But we will work with Congress. We’re very committed to getting this business done, the business that Congress needs to get done: its annual responsibility in terms of funding bills and also the absolutely essential work that needs to get done to ensure that Americans don’t see their taxes go up on January 1st.
April and then Dave.
Q Jay, you just said that the President will continue to talk with likeminded people. Some of the problem is that he keeps talking to people likeminded and not reaching into that group that’s not thinking like him. Will he be —
MR. CARNEY: I think I just took this question. Will
he — he may be —
Q Okay, you did, but you didn’t —
MR. CARNEY: Well, what I said is that I’m not going to preview meetings or conversations that may take place in the future. The President has worked with members of Congress of both parties his entire time in office. He will continue to do that. He pursues a strategy, in terms of getting things done in Congress, that he believes increases the chances of doing the things that need to get done and decreases the chance that there will be a conflict that prevents that from happening.
So right now he is focused on making sure that Congress does the right thing and extends the payroll tax cut, does the right thing and extends unemployment insurance, and does the right thing by finishing its spending bills.
Q Okay, well, what are the conversations within this building about how a conversation should take place with the other side to make this happen before the end of the year?
MR. CARNEY: Through all available modes of communication, including face-to-face conversations, telephone conversations, email — probably not Twitter or Facebook, so maybe not all available conversations. But, I mean, seriously, there’s a lot going on now. We have folks on the Hill. We have people here on the phone. And I’m sure there will be meetings and conversations as the hours and days go by.
The goal here is not to create the theater of a meeting that can be covered. The goal here is to get to a result that works for the American people — in this case, ensuring that their taxes don’t go up and ensuring that the government spending bills, its funding bills are passed.
Q I understand what you’re saying, but I’m going to go back to the past and use it as an example. When he was trying to get health care reform through, many people on the Hill were saying he needed to put his shoulder in, he needed to put skin in the game — he needed to come, because this was what he wanted. There’s a difference between Leg Affairs and the President of the United States.
MR. CARNEY: Sure.
Q So if he were to actually — and beyond media theatrics, or whatever you’re trying to say — for the President to actually talk to the political opposition on middle-class taxes, that’s a big deal. And do you think that that could —
MR. CARNEY: You can be sure that this White House has had conversations with members of both parties about the need to pass a middle-class tax cut, and that the President has had conversations with members of Congress about this.
Q Both sides?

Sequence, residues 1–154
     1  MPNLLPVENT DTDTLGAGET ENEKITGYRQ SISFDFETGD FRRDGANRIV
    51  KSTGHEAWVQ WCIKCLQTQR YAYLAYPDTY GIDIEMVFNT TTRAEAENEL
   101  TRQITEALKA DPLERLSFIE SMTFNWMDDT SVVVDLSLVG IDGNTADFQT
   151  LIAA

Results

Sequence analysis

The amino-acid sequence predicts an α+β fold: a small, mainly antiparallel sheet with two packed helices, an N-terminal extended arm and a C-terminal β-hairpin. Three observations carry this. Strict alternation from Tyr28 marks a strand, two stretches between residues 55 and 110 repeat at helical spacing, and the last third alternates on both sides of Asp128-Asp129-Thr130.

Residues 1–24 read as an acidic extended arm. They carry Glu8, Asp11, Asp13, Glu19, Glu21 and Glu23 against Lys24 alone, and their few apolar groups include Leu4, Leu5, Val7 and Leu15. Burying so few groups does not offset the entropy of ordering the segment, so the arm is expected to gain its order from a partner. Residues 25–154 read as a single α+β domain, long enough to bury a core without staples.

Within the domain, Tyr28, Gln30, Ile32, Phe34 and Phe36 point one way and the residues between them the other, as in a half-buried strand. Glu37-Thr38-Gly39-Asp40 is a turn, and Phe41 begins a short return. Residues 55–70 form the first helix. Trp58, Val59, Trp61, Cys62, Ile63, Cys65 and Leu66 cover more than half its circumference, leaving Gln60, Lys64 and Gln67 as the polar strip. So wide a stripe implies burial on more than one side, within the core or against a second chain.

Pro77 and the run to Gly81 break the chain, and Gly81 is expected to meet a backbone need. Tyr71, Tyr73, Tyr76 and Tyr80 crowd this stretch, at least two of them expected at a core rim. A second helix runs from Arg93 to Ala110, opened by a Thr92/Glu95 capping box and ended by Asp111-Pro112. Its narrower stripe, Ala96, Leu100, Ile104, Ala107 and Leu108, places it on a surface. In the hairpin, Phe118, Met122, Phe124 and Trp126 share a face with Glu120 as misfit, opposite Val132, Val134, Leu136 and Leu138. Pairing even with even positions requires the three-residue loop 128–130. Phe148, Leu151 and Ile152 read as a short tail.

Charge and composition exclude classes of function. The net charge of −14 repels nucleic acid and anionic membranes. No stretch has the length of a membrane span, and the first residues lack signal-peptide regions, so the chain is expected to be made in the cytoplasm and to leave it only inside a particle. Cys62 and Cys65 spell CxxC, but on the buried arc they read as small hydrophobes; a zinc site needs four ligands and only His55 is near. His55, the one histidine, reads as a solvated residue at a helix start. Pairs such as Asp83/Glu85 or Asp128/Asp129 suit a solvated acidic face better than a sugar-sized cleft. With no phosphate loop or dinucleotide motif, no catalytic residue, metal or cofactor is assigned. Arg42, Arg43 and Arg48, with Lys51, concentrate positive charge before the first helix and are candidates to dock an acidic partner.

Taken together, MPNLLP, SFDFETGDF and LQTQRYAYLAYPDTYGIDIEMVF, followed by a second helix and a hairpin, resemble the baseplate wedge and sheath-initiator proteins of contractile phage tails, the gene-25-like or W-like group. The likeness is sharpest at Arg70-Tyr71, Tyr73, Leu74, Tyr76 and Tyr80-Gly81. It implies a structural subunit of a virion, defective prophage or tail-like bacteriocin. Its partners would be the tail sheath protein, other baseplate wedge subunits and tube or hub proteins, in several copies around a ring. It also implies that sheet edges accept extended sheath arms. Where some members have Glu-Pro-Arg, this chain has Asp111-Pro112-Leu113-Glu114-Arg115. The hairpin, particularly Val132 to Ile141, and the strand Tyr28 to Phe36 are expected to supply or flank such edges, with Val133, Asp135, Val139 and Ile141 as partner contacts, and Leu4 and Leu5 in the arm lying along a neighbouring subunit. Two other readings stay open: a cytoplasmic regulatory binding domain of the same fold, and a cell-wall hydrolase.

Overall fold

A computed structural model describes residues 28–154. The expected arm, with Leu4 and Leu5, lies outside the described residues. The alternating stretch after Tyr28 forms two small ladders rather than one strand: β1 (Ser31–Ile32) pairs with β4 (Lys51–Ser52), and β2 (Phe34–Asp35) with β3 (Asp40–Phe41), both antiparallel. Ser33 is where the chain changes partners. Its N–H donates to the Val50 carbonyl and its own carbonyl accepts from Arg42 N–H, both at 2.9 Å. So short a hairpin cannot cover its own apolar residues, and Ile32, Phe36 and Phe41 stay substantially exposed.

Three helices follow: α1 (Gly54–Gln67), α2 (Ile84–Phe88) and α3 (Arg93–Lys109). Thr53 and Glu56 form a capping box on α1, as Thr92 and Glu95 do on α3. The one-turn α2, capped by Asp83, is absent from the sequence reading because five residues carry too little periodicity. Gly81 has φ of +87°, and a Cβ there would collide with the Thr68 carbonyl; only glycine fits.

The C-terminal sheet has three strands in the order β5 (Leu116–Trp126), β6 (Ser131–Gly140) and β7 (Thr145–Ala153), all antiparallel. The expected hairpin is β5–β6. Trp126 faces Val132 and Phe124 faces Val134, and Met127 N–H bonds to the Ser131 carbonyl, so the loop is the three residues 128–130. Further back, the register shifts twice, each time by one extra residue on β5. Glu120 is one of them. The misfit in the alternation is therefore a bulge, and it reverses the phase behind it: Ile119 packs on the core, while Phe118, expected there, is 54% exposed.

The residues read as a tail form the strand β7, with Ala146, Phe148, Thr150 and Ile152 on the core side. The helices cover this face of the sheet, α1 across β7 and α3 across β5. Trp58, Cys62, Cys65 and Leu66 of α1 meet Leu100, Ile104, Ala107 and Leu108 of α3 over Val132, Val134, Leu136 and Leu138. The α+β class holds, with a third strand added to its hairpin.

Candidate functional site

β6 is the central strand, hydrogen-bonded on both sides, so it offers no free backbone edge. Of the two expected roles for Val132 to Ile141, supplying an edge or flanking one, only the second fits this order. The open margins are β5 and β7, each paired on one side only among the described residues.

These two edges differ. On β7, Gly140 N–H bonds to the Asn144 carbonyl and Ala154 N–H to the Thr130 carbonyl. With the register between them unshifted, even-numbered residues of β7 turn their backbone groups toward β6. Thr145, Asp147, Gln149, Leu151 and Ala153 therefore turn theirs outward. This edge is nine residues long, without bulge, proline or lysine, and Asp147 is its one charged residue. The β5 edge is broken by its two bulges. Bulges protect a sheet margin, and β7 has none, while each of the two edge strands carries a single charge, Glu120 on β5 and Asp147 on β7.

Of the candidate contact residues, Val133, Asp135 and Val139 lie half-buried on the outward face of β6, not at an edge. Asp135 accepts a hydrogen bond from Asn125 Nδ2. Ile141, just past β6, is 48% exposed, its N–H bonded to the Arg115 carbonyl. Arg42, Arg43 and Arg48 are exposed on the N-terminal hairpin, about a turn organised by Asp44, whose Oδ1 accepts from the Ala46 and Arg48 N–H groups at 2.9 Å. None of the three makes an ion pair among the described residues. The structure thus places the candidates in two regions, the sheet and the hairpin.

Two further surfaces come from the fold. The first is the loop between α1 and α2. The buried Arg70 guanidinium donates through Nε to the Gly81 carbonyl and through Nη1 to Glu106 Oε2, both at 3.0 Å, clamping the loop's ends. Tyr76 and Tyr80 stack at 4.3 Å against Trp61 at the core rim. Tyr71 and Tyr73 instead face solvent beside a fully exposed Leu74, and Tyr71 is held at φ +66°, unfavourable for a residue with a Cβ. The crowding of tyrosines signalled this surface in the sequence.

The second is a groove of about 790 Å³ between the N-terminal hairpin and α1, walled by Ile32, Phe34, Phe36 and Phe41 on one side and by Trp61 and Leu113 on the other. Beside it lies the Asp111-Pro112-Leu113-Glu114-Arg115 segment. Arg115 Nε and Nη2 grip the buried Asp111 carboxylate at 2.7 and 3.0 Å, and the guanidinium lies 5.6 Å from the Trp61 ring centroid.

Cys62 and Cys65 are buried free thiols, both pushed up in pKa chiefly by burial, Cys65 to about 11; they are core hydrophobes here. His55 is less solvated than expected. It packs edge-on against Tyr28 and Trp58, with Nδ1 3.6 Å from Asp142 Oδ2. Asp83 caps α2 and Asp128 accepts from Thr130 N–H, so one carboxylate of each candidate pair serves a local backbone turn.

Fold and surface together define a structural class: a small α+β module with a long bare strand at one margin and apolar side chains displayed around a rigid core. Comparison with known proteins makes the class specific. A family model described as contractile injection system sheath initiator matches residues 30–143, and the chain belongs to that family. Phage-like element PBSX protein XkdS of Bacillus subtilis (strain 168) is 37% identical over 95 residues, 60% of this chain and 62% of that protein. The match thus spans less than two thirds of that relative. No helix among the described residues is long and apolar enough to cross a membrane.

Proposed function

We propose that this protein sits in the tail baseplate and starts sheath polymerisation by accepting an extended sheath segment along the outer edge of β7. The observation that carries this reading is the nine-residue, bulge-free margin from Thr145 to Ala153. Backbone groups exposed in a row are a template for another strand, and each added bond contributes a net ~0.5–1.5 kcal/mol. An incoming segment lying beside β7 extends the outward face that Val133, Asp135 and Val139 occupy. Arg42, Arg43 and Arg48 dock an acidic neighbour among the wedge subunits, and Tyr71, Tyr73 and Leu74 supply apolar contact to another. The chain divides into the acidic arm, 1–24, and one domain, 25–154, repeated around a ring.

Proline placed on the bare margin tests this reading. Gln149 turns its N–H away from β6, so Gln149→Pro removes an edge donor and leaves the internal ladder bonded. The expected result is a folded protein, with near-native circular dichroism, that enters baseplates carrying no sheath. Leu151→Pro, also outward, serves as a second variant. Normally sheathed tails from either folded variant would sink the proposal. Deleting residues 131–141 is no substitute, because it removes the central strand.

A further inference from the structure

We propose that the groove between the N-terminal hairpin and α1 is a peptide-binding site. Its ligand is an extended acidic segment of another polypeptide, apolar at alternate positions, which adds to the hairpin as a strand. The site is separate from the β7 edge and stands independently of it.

MR. CARNEY: But again, we’re interested in a result here. And an interest in a result, as a goal, does not — and often, not only does it not require us to spell out every conversation that’s had by the President or other members of his team, but it requires us to limit how much we talk about those conversations, because we’re trying to get something done here. I’m not trying to be — send signals about anything surprising that might be happening. I’m just saying that we’re interested in delivering on the tax cut bill, delivering on extension of unemployment insurance, and delivering on Congress getting its work done so that it can go home. We’re working on all those tracks to get it all done.
Q And lastly, on issues of pay-fors: With the savings from the troops in Iraq, can you quantify how that money, those savings, will go into — help defray any of the costs from all this end-of-the-year haggling?
MR. CARNEY: No, I can’t. I mean, this is a broader question on a broader process. What is the case, as you know from the Budget Control Act, is that there are already savings in both non-defense and defense discretionary spending. And it is also the case, broadly speaking, that our ability to end the war in — to draw down and now end the war in Iraq responsibly has allowed us to focus the way we have on the AfPak region, on the fight against al Qaeda. So that has to do with alignment of resources and policy priorities. But I don’t have anything more to specify in terms of what the reduction of spending in Iraq means specifically in terms of other spending priorities.
Q Thank you, Jay.
MR. CARNEY: I did promise Kate. So you’re up.
Q Speaking of the middle class, oil rose the most in about four weeks because of concerns that Iran may disrupt supply. Is the administration aware of this? What are you going to do about it? Going to be higher gas prices going into the holidays?
And then also, any reaction to this billionaire who is going to be challenging Putin? Is this is a positive sign, much like the peaceful protests happening in Russia?
MR. CARNEY: On Russia I would simply say we are not in the business of picking candidates in any country. We support the democratic process. And to the extent that this is a sign of the democratic process functioning, that would be a good thing.
I haven’t had a discussion internally about oil prices today. Some days I do, some days I don’t. Today I did not have them. We always monitor them, obviously. But again, we focus on the things that we can control when it comes to our economy, and one of the things we can control is ensuring that Americans get a tax cut next year, 160 million Americans, and we will continue to press for the kinds of measures that were included in the American Jobs Act but Congress unfortunately did not pass that Republicans blocked because those are essential to our economic growth as well.
Q Thank you.
1:42 P.M. EST